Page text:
Although the boom established Winnipeg as a commercial centre, its collapse left many speculators, including Gerrie, in severe debt. Of fiery temper, Gerrie attacked the bailiffs who executed a sheriff’s order to seize his hotel. Assault charges against him were subsequently dismissed. By late 1884 he had a lease on the Grand Union Hotel and became embroiled with the Manitoba Electric Gas Light Company in a legal suit that was eventually decided in his favour. Again before the courts in 1887, Gerrie, with his colleague Bathgate, was charged with forging the mark of a Métis minor on a land patent which she had conveyed to them. The case was dismissed when neither the witnesses nor the prosecutor appeared in court, but it is suspected that a settlement took place out of court.
In 1886 Gerrie and Bathgate were said to be the fifth largest taxpayers in Winnipeg, and by 1889 Gerrie was the 36th largest private landowner in the city. Gerrie’s luck eventually ran out, however. His wife, Margaret, died of cancer on 1 June 1889. In November he was assaulted on the street and lost his right eye. A gradual breakdown of his health ensued. In 1890 he sold the Gerrie Block and the Grand Union Hotel, which he had reacquired sometime after the sheriff’s sale, and he maintained a low profile until the turn of the century.
The influx of immigrants during the early 1900s brought fresh opportunities for realtors. Around 1904 Gerrie began selling land in the city’s west end, a district which was experiencing a rapid increase in residential building. Profits from those sales allowed him to live in comfort during his final years. Latterly, Gerrie was hailed as the Nestor or founder of the real-estate profession in Winnipeg. Wearing dark glasses to hide his missing eye, he charmed people with his broad Scottish accent. He died of pneumonia and was buried near his wife in Brookside Cemetery. He was survived by one son and four daughters. Underlining the importance of real-estate investors in the development of the city, the Evening Telegram said that “Robert Gerrie was more probably than any other man of his day – the father of the Winnipeg Boom.”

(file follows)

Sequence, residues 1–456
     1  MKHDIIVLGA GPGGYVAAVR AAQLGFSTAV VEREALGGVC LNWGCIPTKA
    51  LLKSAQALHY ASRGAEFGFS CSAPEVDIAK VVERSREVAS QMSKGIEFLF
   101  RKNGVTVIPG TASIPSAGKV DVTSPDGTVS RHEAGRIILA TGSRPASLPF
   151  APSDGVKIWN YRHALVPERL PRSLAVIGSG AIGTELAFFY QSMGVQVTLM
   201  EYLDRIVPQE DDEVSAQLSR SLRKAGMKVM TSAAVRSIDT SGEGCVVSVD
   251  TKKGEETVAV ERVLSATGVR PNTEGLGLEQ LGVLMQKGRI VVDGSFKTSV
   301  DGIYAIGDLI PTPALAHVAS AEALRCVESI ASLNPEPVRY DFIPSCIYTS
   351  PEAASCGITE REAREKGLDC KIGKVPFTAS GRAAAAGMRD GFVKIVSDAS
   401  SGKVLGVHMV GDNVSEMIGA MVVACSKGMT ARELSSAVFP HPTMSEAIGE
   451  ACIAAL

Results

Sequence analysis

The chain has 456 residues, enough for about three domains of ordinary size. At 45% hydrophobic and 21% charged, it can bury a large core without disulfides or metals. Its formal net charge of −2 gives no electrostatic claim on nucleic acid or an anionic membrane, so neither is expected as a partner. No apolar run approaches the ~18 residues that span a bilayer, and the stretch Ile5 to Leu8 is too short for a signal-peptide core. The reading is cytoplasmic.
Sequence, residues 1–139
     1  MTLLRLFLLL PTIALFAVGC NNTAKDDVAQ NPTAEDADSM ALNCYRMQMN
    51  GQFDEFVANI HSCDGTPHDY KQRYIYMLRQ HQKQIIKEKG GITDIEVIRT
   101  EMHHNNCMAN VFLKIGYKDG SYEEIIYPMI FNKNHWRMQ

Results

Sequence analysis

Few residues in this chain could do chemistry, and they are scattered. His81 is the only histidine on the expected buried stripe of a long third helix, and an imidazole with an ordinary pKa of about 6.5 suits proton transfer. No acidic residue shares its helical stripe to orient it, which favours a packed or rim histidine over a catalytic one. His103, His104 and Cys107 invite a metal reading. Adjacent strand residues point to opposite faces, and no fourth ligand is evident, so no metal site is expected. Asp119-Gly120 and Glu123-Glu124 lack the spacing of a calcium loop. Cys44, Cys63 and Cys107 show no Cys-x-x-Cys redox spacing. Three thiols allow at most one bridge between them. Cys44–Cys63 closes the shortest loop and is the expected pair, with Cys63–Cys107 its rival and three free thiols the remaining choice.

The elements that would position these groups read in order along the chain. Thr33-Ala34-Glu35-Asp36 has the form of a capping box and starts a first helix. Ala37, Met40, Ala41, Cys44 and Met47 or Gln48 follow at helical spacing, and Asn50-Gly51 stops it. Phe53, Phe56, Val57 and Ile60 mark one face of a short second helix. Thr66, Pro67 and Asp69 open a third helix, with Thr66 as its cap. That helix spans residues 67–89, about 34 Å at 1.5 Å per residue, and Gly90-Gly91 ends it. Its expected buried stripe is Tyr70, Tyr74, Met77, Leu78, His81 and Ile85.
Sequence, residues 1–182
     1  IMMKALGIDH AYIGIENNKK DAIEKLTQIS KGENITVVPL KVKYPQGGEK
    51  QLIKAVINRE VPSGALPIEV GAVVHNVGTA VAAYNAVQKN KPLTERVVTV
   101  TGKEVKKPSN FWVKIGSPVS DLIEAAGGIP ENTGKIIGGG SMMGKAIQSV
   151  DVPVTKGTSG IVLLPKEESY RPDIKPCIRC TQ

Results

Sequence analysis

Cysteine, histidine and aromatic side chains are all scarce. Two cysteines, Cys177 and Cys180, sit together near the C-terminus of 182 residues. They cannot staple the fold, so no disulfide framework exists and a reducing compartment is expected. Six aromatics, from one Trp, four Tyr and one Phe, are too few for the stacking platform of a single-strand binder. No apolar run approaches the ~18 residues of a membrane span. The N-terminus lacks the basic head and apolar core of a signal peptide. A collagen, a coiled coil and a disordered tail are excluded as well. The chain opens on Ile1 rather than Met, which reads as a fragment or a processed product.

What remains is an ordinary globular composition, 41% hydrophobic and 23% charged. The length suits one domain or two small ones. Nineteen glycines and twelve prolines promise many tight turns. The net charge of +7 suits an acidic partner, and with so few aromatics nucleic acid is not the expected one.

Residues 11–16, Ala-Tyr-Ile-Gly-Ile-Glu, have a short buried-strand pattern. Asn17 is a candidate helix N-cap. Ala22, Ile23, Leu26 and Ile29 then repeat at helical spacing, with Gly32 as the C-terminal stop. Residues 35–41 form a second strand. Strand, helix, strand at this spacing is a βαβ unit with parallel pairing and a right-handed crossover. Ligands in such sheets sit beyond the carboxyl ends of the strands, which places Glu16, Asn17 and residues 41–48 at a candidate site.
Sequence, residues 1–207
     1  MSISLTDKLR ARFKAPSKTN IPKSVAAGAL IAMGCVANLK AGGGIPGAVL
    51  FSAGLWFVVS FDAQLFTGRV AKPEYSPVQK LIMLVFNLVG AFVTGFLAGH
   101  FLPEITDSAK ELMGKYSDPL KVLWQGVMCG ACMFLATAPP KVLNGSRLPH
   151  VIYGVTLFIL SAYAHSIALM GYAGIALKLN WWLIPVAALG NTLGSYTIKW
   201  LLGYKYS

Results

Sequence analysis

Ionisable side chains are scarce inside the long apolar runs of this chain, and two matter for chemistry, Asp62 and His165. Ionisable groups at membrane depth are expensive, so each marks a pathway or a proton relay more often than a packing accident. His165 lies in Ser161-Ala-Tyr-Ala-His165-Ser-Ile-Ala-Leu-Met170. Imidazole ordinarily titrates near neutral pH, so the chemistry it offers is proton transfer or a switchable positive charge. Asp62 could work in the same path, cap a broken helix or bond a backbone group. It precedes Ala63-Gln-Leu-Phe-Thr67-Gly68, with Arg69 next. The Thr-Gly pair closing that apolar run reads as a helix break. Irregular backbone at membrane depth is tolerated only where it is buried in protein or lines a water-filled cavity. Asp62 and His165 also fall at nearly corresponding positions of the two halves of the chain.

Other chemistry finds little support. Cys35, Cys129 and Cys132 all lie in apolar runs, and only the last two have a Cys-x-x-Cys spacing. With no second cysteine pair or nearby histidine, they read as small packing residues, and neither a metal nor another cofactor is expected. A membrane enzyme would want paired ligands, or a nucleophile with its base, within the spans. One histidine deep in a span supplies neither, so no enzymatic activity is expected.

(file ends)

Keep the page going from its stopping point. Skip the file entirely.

Commercial (Winnipeg), 12 Dec. 1882. Daily Manitoban (Winnipeg), 16 Oct. 1886; 9, 23 March 1887. Manitoba Morning Free Press, 18 Oct. 1873; 19 June 1875; 24 March 1887; 4 Nov., 9 Dec. 1889; 1 April, 18 Sept. 1890; 30 Jan. 1908. Manitoban (Winnipeg), 4 Oct., 15, 22 Nov. 1873. Manitoba Sun (Winnipeg), 23 March 1887, 5 Sept. 1889. Sun (Winnipeg), 17 Oct. 1881. Telegram (Winnipeg), 1 Dec. 1906, 29 Jan. 1908. Winnipeg Daily Times, 28 April 1879; 22 March 1882; 4, 20 Jan. 1883. Winnipeg Tribune, 29 Jan. 1908. Alexander Begg and W. R. Nursey, Ten years in Winnipeg: a narration of the principal events in the history of the city of Winnipeg from the year A.D. 1870 to the year A.D. 1879, inclusive (Winnipeg, 1879). Man. Electric & Gas Light Co. v. Gerrie (1887), Manitoba Reports (Winnipeg), 4 (1886–87): 210–19. Winnipeg, Manitoba, and her industries (Chicago and Winnipeg, 1882).
Cite This Article
Randy R. Rostecki, “GERRIE, ROBERT,” in Dictionary of Canadian Biography, vol. 13, University of Toronto/Université Laval, 2003–, accessed September 16, 2014, http://www.biographi.ca/en/bio/gerrie_robert_13E.html.
The citation above shows the format for footnotes and endnotes according to the Chicago manual of style (16th edition). Information to be used in other citation formats:Permalink: http://www.biographi.ca/en/bio/gerrie_robert_13E.html
|Author of Article:||Randy R. Rostecki|
|Title of Article:||GERRIE, ROBERT|
|Publication Name:||Dictionary of Canadian Biography, vol. 13|
|Publisher:||University of Toronto/Université Laval|
|Year of publication:||1994|
|Year of revision:||1994|
|Access Date:||September 16, 2014|